EADS SAYS EU-CHINA DISPUTE IS THREATENING AIRBUS SALES
By DANIEL MICHAELS And DAVID PEARSON
PARIS—The chief executive of Airbus parent EADS accused European Union officials of sparking a fight with China over aircraft emissions that threatens to cost the plane maker $12 billion in jetliner orders.
Louis Gallois said that European Aeronautic Defence & Space Co. is a "hostage" to the dispute between Beijing and Brussels, which has put the fate of 45 unbuilt large planes in question.
China is putting on hold orders already agreed with airlines but not approved" by industry overseers in Beijing, Mr. Gallois told reporters at a press briefing. "We are worried that this conflict is becoming a commercial war."
The EADS chief executive blamed Chinese officials' anger at the EU's levies on emissions of carbon dioxide, which this year were extended to include aviation.
Any airline operating at a European airport must have special credits to offset its carbon-dioxide emissions through a program known as the emissions-trading system, or ETS. Airlines have said the system will cost them billions of dollars.
Governments outside the EU charge that the 27-country bloc is exerting extraterritorial authority by charging for emissions that occur outside the EU.
Officials at the European Commission, the EU's executive arm, have said the system is legal. A top EU court last year backed that position. Talks that might resolve the dispute are now ongoing in the United Nations' International Civil Aviation Organization, but their prospects for success remain unclear. China is one of more than 25 countries that have vocally opposed the EU program.
"We're asking the EU to take into account the global opposition of almost every country outside Europe against this scheme," Mr. Gallois said, and urged agreement through the ICAO.
Staff at the Chinese Embassy to the EU declined to comment on the situation and officials in Beijing weren't available for comment. A spokesman for EU Climate Commissioner Connie Hedegaard, the top official overseeing the ETS program, declined to comment on "possible commercial decisions."
The involvement of Airbus in China's dispute with the EU emerged in June, when the announcement of an order for 10 Airbus A380 superjumbo jetliners by Hong Kong Airlines Ltd. was put on hold. Airbus officials have said the freeze was due to Beijing's anger over the ETS program. More recently, 35 smaller Airbus A330 widebody planes have also been put on hold, Mr. Gallois said.
None of the planes is yet being assembled, but parts for 25 of the A330s were already being produced, Airbus officials said. Nine were to be delivered next year and 16 in 2014, they said.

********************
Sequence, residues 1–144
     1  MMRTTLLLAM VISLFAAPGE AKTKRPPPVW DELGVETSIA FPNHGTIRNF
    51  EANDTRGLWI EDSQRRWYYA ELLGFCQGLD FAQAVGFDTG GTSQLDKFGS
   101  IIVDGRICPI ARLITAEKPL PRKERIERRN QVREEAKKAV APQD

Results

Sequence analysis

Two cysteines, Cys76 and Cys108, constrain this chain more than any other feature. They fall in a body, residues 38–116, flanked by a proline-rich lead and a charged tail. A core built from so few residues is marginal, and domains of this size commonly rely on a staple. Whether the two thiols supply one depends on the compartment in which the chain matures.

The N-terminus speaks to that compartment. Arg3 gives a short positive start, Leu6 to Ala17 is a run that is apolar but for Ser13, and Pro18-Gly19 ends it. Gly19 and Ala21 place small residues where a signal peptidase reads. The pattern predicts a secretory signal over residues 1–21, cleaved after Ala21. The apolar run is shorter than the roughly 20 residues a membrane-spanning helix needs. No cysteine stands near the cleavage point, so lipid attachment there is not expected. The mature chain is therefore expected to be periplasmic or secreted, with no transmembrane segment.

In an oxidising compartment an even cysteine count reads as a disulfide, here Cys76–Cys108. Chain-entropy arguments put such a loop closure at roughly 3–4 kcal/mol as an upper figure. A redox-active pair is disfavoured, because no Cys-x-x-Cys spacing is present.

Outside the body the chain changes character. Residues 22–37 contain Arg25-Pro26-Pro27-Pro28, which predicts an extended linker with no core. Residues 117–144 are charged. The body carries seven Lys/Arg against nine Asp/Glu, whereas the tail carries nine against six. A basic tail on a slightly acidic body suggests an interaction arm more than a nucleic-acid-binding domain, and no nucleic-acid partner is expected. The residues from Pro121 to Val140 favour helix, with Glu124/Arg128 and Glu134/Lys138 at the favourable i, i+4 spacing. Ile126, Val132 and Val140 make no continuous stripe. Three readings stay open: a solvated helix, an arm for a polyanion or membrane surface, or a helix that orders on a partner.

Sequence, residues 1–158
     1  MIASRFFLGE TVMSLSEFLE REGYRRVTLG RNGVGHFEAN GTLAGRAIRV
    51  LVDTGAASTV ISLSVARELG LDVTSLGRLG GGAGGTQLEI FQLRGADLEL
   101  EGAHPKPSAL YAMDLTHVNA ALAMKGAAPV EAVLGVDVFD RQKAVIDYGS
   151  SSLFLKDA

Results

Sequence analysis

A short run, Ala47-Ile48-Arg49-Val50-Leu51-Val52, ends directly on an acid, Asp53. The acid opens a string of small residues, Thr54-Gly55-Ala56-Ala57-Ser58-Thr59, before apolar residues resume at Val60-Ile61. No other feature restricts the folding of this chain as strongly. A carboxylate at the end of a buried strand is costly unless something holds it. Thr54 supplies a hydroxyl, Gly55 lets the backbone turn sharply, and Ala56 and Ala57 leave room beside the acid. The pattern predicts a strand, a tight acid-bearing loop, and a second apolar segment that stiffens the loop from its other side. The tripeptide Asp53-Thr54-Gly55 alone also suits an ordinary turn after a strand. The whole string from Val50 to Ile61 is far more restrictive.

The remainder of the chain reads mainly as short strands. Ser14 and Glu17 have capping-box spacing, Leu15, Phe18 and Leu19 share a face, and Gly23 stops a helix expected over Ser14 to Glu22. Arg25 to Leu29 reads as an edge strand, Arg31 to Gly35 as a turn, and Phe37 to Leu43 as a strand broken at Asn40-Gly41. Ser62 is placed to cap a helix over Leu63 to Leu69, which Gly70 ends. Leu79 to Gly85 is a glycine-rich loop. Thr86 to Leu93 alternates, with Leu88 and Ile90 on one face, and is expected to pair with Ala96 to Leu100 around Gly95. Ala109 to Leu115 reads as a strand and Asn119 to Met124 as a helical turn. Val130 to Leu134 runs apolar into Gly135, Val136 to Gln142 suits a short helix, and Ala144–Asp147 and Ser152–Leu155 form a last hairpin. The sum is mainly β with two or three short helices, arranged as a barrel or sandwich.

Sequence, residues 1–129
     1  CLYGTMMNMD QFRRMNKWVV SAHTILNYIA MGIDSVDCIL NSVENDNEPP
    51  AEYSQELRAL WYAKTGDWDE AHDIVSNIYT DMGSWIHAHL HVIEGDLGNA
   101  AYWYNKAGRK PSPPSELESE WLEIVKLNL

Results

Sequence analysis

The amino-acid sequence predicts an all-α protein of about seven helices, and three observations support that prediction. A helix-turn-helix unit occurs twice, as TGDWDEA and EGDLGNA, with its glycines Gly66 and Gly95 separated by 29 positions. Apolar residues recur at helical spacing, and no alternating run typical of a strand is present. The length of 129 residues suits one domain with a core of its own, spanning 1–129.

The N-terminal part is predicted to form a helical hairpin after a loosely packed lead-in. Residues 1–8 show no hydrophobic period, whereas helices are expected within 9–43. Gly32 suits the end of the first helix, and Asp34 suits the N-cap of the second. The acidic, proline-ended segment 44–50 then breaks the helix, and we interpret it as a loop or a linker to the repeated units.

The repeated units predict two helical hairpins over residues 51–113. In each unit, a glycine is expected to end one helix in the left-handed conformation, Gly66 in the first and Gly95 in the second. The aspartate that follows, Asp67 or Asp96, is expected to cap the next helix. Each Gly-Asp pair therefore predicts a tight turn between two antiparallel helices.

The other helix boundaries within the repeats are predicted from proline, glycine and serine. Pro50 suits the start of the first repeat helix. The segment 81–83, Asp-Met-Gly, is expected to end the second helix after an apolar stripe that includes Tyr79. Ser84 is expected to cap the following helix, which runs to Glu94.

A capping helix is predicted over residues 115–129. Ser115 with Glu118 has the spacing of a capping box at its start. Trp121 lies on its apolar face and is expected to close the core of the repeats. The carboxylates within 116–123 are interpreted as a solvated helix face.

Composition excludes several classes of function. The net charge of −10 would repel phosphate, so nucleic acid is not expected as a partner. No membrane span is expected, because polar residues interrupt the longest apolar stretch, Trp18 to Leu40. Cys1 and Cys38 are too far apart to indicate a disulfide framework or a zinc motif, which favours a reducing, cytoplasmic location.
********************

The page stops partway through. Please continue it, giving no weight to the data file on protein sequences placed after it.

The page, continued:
Customers make installment payments as a plane is built and pay most of its price upon delivery.
More than one of every five Airbus planes currently produced is for China, an Airbus spokesman said, so a holdup in deliveries could significantly affect EADS. EADS said Thursday that in view of strong market demand, Airbus has decided to ramp up production of its A330 to a rate of 11 a month in the second quarter of 2014 "provided the ETS doesn't harm orders."
"But we have to take into account of what is happening in China," Mr. Gallois said. The production increase depends on Chinese airlines obtaining government approval for their orders, he noted.
China hasn't explicitly forbidden its airlines from buying Airbus planes. Air China Ltd. spokeswoman Joyce Zhang said she didn't believe China had banned airlines from ordering Airbus aircraft, adding Air China has no plans to cancel existing orders. China Eastern Airlines Corp. and China Southern Airlines Co. couldn't immediately be reached for comment.
Instead, EADS officials say Beijing isn't signing off on permission for commercial deals that require government approval.
EADS earlier Thursday said it is on track for significant growth in sales and profit in 2012 and beyond as it ramps up production of new and remodeled Airbus jetliners.
The Franco-German aerodefense giant said net profit in the three months to Dec. 31 rose to €612 million ($804.7 million) from €355 million a year earlier, surpassing analysts' expectations mainly because of a foreign-exchange gain.
EADS more than doubled its annual dividend and reassured investors there have been no further delays to its multibillion-euro A350 wide-body jetliner program.
Fourth-quarter revenue jumped 16% to €16.44 billion from a year earlier, above the market consensus of €15.45 billion. Full-year revenue rose 7% to €49.13 billion.
Mr. Gallois said he estimated the cost of fixing wing cracks discovered in the 67 Airbus A380 superjumbos Airbus has produced so far at €105 million.
In trading in France, EADS's stock closed up 11% to €29.74.
—Andrew Galbraith in Shanghai contributed to this article.
Write to Daniel Michaels at email@example.com and David Pearson at firstname.lastname@example.org